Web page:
Department of Molecular Genetics and Microbiology; Gene Therapy Center
Cardiology | Cellular and Molecular Physiology | Genetics and Genomics | Therapeutics
Achieving efficient cardiac gene transfer in a large animal model has proven to be technically challenging. Previous strategies have used cardiopulmonary bypass or dual catheterization with the aid of vasodilators to deliver vectors, such as adenovirus, adeno-associated virus (AAV), or plasmid DNA. Although single-stranded AAV (ssAAV) vectors have shown the greatest promise, they suffer from delayed expression, which might be circumvented using self-complementary vectors. We sought to optimize cardiac gene transfer using a percutaneous transendocardial injection catheter to deliver adeno-associated viral vectors to the canine myocardium. Four vectors were evaluated-ssAAV9, self-complementary AAV9 (scAAV9), scAAV8, scAAV6-so that comparison could be made between single-stranded and self-complementary vectors as well as among serotypes 9, 8, and 6. We demonstrate that scAAV is superior to ssAAV and that AAV 6 is superior to the other serotypes evaluated. Biodistribution studies revealed that vector genome copies were 15-4,000 times more abundant in the heart than in any other organ for scAAV6. Percutaneous transendocardial injection of scAAV6 is a safe, effective method to achieve efficient cardiac gene transfer.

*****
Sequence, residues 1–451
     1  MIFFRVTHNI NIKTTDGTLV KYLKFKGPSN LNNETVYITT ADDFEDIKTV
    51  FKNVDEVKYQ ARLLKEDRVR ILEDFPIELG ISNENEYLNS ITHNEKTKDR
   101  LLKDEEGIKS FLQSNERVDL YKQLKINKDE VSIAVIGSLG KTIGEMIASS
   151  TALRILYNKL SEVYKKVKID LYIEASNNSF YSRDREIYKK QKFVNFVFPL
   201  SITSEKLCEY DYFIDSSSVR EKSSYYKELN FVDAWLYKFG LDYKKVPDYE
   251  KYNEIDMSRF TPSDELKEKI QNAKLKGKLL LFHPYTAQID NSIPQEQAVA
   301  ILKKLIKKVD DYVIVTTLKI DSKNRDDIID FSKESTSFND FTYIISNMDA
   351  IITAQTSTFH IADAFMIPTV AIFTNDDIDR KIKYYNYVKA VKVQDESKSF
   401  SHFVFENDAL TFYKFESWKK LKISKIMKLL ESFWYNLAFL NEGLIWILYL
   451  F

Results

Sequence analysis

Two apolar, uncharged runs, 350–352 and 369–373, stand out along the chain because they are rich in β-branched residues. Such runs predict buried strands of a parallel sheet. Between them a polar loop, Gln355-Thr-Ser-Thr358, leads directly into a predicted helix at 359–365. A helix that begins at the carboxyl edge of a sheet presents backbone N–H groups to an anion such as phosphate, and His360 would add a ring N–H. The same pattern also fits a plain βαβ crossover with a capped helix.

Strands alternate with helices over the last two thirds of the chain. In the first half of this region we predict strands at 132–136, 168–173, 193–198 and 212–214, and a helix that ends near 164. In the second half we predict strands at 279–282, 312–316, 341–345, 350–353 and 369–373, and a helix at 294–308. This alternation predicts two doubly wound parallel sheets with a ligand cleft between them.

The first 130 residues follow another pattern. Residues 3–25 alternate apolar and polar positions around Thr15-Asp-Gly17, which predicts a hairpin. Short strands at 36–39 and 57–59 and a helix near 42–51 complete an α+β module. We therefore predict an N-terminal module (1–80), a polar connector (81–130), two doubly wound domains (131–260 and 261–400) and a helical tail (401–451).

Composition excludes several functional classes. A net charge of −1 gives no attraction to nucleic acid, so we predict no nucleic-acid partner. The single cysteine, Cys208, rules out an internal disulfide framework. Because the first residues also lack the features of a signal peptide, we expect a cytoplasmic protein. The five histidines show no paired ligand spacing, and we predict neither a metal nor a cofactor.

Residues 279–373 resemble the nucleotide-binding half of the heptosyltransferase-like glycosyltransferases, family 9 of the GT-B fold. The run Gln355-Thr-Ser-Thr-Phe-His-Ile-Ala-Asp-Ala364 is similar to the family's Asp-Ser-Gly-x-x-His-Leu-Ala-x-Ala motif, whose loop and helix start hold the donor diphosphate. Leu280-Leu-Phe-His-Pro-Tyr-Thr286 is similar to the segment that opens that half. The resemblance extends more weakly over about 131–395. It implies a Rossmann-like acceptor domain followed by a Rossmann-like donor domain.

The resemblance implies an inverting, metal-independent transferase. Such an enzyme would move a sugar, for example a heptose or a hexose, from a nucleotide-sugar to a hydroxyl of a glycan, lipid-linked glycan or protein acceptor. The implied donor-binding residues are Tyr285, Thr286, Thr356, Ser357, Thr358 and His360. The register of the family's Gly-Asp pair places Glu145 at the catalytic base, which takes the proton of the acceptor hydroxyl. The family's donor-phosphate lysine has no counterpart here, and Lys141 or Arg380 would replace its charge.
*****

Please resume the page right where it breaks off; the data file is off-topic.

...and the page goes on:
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Citation: Mol Ther. 2008 Dec;16(12):1953-1959. doi: 10.1038/mt.2008.202. Epub 2016 Dec 8. Link to article on publisher's site
DOI of Published Version
Molecular therapy : the journal of the American Society of Gene Therapy
Bish, Lawrence T.; Sleeper, Meg M.; Brainard, Benjamin; Cole, Stephen; Russell, Nicholas; Withnall, Elanor; Arndt, Jason; Reynolds, Caryn; Davison, Ellen; Sanmiguel, Julio; Wu, Di; Gao, Guangping; Wilson, James M.; and Lee Sweeney, H, "Percutaneous Transendocardial Delivery of Self-complementary Adeno-associated Virus 6 Achieves Global Cardiac Gene Transfer in Canines" (2008). Open Access Articles. 3038.
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